Hong Kong police have arrested two men accused of firing water guns at police officers during Sunday’s Songkran celebration in Kowloon City.
Kowloon City Chief Inspector Cheung Lok-chuen said the pair, aged 25 and 26, had “continuously shot water at close distance against law-enforcing police officers as well as journalists together with four other men using water guns and bottles” during Sunday’s event.
The inspector said late Wednesday the group “intended and had attempted to breach public peace” and their acts had lasted for three minutes in total. The group then posted a video of the incident online with “seditious wordings.”
Cheung said police could not rule out the possibility that the incident was planned in advance and they might make further arrests. The men have been arrested for causing disorder in a public place.
“These celebration events are not an opportunity for those with ulterior motives to vent their frustrations and disrupt order,” he said.
Asked about the incident at a Legislative Council meeting on Wednesday, Secretary for Security Chris Tang said he would not comment on individual cases but police would launch investigations “whenever anybody wants to endanger public safety, public order or national security.”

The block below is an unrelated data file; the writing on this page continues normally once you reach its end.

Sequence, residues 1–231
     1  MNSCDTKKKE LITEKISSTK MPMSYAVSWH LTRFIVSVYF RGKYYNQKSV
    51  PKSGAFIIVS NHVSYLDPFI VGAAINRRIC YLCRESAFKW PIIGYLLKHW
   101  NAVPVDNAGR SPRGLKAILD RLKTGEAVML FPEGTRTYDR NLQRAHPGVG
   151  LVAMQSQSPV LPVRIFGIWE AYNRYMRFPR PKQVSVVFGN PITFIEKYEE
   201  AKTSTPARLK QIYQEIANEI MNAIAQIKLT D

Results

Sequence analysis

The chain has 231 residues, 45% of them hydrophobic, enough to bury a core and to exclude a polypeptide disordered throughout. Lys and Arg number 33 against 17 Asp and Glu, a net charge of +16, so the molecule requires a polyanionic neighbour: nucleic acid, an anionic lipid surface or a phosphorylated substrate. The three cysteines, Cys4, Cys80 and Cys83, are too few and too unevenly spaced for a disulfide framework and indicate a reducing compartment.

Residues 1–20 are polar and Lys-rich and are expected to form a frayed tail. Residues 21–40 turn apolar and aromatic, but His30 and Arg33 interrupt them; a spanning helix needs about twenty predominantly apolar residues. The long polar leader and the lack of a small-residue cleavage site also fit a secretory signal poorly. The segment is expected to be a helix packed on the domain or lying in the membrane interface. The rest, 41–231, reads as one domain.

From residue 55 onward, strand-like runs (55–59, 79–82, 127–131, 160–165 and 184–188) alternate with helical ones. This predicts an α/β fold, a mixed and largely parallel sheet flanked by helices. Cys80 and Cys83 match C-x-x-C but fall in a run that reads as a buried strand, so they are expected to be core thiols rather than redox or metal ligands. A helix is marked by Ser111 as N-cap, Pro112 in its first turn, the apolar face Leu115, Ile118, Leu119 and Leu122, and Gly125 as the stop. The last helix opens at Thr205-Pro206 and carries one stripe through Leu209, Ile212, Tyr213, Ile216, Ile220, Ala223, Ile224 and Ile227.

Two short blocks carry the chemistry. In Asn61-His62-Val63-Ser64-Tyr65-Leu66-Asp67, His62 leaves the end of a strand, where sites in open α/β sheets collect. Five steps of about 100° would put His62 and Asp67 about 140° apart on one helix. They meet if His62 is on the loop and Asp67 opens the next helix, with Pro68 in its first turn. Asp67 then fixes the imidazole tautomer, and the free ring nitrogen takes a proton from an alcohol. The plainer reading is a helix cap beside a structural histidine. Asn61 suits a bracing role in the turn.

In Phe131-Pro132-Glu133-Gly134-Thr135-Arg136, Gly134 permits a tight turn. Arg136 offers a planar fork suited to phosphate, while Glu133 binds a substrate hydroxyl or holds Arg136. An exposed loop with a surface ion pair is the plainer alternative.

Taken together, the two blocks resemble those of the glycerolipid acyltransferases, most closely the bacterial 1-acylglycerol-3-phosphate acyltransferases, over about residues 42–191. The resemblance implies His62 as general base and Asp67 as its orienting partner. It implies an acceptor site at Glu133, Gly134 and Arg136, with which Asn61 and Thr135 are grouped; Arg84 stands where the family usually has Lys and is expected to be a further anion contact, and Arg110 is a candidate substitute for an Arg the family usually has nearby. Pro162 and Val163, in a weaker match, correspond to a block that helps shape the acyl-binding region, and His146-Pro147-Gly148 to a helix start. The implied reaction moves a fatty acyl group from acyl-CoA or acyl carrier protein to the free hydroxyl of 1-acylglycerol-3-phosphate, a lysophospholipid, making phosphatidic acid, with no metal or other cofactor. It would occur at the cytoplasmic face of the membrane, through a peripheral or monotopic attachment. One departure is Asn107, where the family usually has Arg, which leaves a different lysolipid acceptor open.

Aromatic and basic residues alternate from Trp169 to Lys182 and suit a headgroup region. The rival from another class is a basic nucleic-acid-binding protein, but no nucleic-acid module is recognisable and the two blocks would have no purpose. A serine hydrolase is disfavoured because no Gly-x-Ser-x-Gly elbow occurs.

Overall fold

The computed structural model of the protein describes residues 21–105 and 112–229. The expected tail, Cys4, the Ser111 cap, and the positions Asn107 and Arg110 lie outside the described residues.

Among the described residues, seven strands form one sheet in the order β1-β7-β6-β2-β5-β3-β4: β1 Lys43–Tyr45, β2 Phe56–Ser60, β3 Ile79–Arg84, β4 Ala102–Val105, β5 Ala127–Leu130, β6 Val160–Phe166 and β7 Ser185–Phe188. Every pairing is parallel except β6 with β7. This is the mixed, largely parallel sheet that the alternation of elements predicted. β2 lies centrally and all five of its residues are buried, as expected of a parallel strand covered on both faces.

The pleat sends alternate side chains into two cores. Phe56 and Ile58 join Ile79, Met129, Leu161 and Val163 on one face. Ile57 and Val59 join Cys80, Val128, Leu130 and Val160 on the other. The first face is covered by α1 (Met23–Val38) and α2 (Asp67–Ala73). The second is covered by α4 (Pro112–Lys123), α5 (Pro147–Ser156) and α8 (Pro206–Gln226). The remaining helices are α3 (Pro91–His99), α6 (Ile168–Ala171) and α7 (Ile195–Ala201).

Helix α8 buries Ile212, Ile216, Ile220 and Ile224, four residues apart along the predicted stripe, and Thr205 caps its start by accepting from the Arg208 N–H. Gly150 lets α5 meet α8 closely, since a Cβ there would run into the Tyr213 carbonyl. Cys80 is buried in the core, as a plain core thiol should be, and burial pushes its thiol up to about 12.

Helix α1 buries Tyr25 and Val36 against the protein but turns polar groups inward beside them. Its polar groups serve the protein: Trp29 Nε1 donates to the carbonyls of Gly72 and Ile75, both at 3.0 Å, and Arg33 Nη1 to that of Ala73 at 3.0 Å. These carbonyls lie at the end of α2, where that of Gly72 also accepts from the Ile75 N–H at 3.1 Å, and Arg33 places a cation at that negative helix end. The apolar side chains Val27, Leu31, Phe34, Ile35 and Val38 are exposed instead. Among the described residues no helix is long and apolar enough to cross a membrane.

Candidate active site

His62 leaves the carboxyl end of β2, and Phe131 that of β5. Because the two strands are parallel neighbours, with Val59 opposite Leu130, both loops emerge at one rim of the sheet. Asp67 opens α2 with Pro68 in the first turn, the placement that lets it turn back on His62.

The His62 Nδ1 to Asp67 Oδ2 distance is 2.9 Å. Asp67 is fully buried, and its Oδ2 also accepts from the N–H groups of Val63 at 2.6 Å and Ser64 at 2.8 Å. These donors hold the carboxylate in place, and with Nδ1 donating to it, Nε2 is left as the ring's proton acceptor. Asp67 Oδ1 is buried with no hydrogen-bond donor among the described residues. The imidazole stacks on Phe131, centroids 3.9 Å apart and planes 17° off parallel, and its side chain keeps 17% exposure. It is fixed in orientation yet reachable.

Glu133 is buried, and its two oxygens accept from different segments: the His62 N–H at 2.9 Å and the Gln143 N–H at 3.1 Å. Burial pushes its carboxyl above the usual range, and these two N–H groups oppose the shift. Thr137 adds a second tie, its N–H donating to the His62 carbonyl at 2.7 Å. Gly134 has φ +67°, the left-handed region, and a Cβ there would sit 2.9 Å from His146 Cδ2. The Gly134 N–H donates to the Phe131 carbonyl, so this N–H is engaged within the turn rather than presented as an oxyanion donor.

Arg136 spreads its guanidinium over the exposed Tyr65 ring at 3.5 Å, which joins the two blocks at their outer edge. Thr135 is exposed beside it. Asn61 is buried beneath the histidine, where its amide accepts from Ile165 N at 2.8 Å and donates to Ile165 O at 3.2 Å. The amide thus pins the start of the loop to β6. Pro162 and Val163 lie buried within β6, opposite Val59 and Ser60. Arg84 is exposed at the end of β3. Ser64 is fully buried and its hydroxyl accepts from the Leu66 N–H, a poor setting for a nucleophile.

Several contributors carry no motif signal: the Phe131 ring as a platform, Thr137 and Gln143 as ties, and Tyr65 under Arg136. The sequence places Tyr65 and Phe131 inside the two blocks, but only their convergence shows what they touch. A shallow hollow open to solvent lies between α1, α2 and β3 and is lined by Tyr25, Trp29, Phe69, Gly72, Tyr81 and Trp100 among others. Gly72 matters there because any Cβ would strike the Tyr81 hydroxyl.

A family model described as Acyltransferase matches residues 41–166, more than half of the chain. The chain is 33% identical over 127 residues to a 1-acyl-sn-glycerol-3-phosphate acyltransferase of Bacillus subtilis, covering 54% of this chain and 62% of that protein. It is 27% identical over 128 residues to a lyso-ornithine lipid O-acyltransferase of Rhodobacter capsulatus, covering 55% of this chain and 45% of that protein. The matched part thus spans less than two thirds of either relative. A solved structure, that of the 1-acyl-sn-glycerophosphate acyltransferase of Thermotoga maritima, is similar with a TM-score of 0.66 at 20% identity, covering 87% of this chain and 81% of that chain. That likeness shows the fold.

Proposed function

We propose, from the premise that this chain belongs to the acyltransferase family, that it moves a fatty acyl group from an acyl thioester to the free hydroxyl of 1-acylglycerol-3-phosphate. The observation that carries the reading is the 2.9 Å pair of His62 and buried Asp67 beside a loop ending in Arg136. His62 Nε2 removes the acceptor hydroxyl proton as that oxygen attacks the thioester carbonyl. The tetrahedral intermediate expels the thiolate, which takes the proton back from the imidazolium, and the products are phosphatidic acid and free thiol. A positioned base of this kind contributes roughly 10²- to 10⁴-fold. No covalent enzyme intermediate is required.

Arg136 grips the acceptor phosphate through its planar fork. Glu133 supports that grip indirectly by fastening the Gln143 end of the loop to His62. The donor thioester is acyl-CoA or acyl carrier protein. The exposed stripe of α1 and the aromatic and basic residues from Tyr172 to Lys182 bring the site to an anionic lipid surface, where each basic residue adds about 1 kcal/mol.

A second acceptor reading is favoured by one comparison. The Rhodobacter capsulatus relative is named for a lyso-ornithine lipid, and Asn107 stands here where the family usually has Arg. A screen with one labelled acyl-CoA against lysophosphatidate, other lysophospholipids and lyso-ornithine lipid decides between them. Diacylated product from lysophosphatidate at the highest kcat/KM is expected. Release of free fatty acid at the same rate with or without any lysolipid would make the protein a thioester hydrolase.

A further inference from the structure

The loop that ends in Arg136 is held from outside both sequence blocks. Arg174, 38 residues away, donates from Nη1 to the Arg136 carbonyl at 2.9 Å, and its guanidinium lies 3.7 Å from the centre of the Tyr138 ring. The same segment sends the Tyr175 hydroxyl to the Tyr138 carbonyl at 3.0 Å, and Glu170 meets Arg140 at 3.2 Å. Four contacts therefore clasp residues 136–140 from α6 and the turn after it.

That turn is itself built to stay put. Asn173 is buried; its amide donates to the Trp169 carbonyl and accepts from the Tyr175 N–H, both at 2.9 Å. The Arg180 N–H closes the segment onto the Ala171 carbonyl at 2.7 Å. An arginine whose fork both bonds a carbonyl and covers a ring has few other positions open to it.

The security chief said there had been cases of “people using culture and media to either intentionally or unintentionally make derogatory remarks against the nation with misleading allegations and incite people’s dissatisfaction towards the government or the country.”
“We have noticed that, and must take precautions,” he added
Kowloon City, also known as “little Thailand” because of its Thai community, staged the Thai new year celebration event for the first time on Sunday since Covid-19 broke out in 2020. The throwing of water symbolises the washing away of sins and bad luck.
Local media reported that the arrestees were linked to YouTube channel “Bravedogdog.” The channel had uploaded two three-minute clips of a group of men blasting water guns at police officers and TVB News reporters.
In the video, the targeted TVB journalists seek help from police to drive the group away. Phrases such as “Vs HK Po[lice]” and “Diu7Tvb [Fuck TVB]” were also displayed in the footage.
Hours before the police announced the arrests, state-backed newspaper Ta Kung Pao published an op-ed penned by pro-Beijing columnist Chris Wat mentioning the YouTube channel.
The author said the group of men in the video had “maliciously targeted” police and TVB reporters, adding that they “pretended to splash water but were actually stirring up trouble.”
Wat also linked their acts to the 2019 pro-democracy protests and unrest, which she described as “black riots.”
“Dark forces are like volcanoes in dormant… as long as there is a spark of fire and an opportunity, they will make a comeback,” the columnist wrote.
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